King & Spalding — Earlier this month, House Majority Leader Kevin McCarthy (R-CA) released an April agenda in which he designated the upcoming week to passing legislation to secure cyber networks and prevent data breaches. Making good on that promise, the House will vote Wednesday and Thursday on two bills to promote cybersecurity information sharing, while providing liability protection.
The Protecting Cyber Networks Act (H.R. 1560), which would encourage businesses and the federal government to share information on known cyber threats on a voluntary basis, is up first. The bill was introduced last month by House Intelligence Committee member Devin Nunes (R-CA) and the Intelligence Committee reported the bill on April 13.
The National Cybersecurity Protection Advancement Act (H.R. 1731) is on the agenda for Thursday. The bill would provide liability protections to companies that voluntarily share cyberattack information and would strengthen the National Cybersecurity and Communications Integration Center’s (NCCIC) role as the lead civilian interface for the sharing of cybersecurity risks. House Homeland Security Committee Chairman Mike McCaul (R-TX) and Committee member John Ratcliffe (R-TX) introduced the bill, and the Committee approved it by unanimous voice vote on Tuesday, April 14.
Both pieces of legislation are expected to be considered under structured rules that limit the number of amendments that can be offered. Majority Leader McCarthy said that the bills would be voted on separately, but then combined, before heading to the Senate. Minority Whip Steny Hoyer (D-MD) referred to the bills as “relatively noncontroversial” and, in a press conference last week, Whip Hoyer said that he expected the legislation to pass “in a strong bipartisan fashion.”
Another bill that may see floor action soon is the Data Security and Breach Notification Act (H.R. 1770). On April 15, the House Energy and Commerce Committee approved the bill, which would establish a nationwide safety regime for breach notification and data protection. The bill passed 29-20 on a party-line vote and, although it was initially expected to be included on the agenda this week, House leaders from both parties have acknowledged that more work needs to be done before it can be brought to the floor for a vote.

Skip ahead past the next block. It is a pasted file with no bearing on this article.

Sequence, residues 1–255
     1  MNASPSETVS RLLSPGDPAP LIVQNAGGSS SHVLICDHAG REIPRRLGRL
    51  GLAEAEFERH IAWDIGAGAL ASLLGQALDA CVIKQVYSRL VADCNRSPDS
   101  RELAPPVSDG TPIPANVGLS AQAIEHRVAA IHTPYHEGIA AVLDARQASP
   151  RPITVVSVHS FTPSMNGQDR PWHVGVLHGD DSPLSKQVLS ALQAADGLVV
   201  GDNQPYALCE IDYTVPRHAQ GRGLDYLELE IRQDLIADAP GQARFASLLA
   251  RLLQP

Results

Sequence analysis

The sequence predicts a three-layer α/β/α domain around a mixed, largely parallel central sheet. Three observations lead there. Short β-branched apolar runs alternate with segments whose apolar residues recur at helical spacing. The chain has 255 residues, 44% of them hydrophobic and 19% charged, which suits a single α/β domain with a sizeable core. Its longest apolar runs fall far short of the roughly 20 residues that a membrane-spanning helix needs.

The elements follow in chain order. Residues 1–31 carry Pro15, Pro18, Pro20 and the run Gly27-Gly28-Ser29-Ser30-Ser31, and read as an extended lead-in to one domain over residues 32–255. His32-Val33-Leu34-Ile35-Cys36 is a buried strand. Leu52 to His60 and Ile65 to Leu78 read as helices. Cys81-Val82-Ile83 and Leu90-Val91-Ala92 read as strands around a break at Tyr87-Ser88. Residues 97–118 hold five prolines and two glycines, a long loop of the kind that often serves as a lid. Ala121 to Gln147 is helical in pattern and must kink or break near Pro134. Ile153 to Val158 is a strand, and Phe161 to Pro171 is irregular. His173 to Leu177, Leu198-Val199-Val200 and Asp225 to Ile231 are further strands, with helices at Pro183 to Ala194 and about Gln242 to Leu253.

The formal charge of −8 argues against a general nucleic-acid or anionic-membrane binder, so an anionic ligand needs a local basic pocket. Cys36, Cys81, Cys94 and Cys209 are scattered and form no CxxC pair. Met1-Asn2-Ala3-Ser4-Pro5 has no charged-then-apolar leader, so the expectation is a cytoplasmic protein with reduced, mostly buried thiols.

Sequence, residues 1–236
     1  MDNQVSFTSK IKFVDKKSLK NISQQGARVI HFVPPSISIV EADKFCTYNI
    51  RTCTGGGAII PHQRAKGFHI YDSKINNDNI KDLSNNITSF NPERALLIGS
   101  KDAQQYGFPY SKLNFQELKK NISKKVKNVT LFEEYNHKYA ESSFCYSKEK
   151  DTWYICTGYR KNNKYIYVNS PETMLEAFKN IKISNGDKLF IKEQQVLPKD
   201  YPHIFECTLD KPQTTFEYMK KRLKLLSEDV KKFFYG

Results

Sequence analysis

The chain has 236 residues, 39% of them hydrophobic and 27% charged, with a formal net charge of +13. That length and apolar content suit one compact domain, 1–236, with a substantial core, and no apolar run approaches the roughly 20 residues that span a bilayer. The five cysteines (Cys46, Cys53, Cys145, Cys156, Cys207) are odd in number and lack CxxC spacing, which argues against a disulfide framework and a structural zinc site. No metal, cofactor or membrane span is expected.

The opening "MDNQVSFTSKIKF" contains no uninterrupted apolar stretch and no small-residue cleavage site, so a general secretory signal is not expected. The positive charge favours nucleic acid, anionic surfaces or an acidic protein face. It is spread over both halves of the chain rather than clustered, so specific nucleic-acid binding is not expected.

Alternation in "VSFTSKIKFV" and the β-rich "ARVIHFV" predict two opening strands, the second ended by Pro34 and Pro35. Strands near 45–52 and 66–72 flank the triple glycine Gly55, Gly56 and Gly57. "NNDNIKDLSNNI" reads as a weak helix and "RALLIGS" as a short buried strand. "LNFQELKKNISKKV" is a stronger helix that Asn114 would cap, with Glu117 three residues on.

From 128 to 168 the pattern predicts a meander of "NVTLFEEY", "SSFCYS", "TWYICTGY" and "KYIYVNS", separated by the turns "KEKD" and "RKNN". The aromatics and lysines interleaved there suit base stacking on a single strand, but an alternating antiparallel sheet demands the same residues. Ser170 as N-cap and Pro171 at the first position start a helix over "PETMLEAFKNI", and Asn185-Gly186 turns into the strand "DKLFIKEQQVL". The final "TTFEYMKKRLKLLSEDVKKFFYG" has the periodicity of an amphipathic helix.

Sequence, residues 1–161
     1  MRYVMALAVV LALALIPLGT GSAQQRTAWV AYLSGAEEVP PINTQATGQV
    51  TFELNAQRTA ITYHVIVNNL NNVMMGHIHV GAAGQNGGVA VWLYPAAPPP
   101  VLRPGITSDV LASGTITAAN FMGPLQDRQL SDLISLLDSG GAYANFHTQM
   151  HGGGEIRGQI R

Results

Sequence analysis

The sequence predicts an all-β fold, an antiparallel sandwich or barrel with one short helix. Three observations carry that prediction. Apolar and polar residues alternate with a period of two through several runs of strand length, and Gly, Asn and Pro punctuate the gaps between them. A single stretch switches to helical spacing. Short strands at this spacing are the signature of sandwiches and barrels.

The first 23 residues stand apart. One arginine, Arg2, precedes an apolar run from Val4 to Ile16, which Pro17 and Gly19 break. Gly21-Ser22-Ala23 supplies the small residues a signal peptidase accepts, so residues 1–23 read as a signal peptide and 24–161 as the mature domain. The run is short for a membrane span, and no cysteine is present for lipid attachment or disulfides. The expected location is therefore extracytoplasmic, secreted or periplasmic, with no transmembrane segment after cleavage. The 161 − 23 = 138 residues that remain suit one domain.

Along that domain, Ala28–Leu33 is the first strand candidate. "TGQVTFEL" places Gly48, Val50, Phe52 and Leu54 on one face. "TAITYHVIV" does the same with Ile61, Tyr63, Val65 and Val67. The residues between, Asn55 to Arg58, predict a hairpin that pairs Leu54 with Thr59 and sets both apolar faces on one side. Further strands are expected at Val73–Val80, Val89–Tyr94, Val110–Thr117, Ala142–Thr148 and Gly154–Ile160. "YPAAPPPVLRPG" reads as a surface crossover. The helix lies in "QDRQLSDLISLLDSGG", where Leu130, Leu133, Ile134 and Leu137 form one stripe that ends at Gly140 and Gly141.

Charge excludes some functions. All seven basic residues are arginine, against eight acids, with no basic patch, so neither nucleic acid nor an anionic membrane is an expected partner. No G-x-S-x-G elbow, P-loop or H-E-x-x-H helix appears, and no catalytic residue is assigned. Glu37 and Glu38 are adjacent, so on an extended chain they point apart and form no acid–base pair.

House Energy and Commerce Committee Chairman Fred Upton (R-MI) recently noted that, “Over 40 bills have been introduced in Congress since the first major data breach in 2005 and we haven’t yet reached the finish line.” After this week, the finish line may be within view.
Reporter, Lauren M. Donoghue, Washington, DC, +1 202 626 8999, email@example.com.
The GAO Issued A Report Recommending Improvements For Aircraft Cybersecurity — On April 14, the Government Accountability Office (“GAO”) issued a report highlighting cybersecurity challenges as the Federal Aviation Administration (“FAA”) transitions to the Next Generation Air Transportation System (“NextGen”) and making recommendations to protect air travel from cyber threats. NextGen is a modernization effort to transform the current ground-based air traffic control system into a system that uses satellite-based surveillance and navigation. Given that NextGen uses IP-networking technologies, as well as digital and Internet-based computer networking technologies, air traffic control and aircraft avionics used to operate the aircraft are more susceptible to cybersecurity risks.
The GAO recommends that the FAA design and implement more effective cybersecurity controls. The new information systems for NextGen are designed to interoperate with other systems, creating greater ease of access for pernicious actors and the ability for damage to spread to other systems. While the FAA has been developing “common controls” to operate on an enterprise-level across subsystems, the GAO recommends that the FAA develop threat modeling, a cybersecurity best practice, and continuous monitoring efforts to ensure that it is funneling resources to the parts of the systems most likely to be compromised.
The GAO also recommends that the FAA better protect aircraft avionics, used to guide and operate the aircraft, to prevent hackers from gaining access to IP networking systems and compromising the avionics.
For example, passengers in the cabin increasingly can access the Internet through wireless broadband systems, but the firewalls that protect avionics systems in the cockpit from intrusion by cabin users are vulnerable to hacking or circumvention like any other software. Additional security controls should be implemented onboard to strengthen the system. The GAO recommends that the FAA develop new regulations requiring cybersecurity assurance in certifying the airworthiness of new aircraft and aviation equipment. The FAA’s current aircraft airworthiness certification does not include assurance that cybersecurity has been addressed because historically aircraft avionics systems were isolated within the aircraft and not considered vulnerable to cybersecurity threats.
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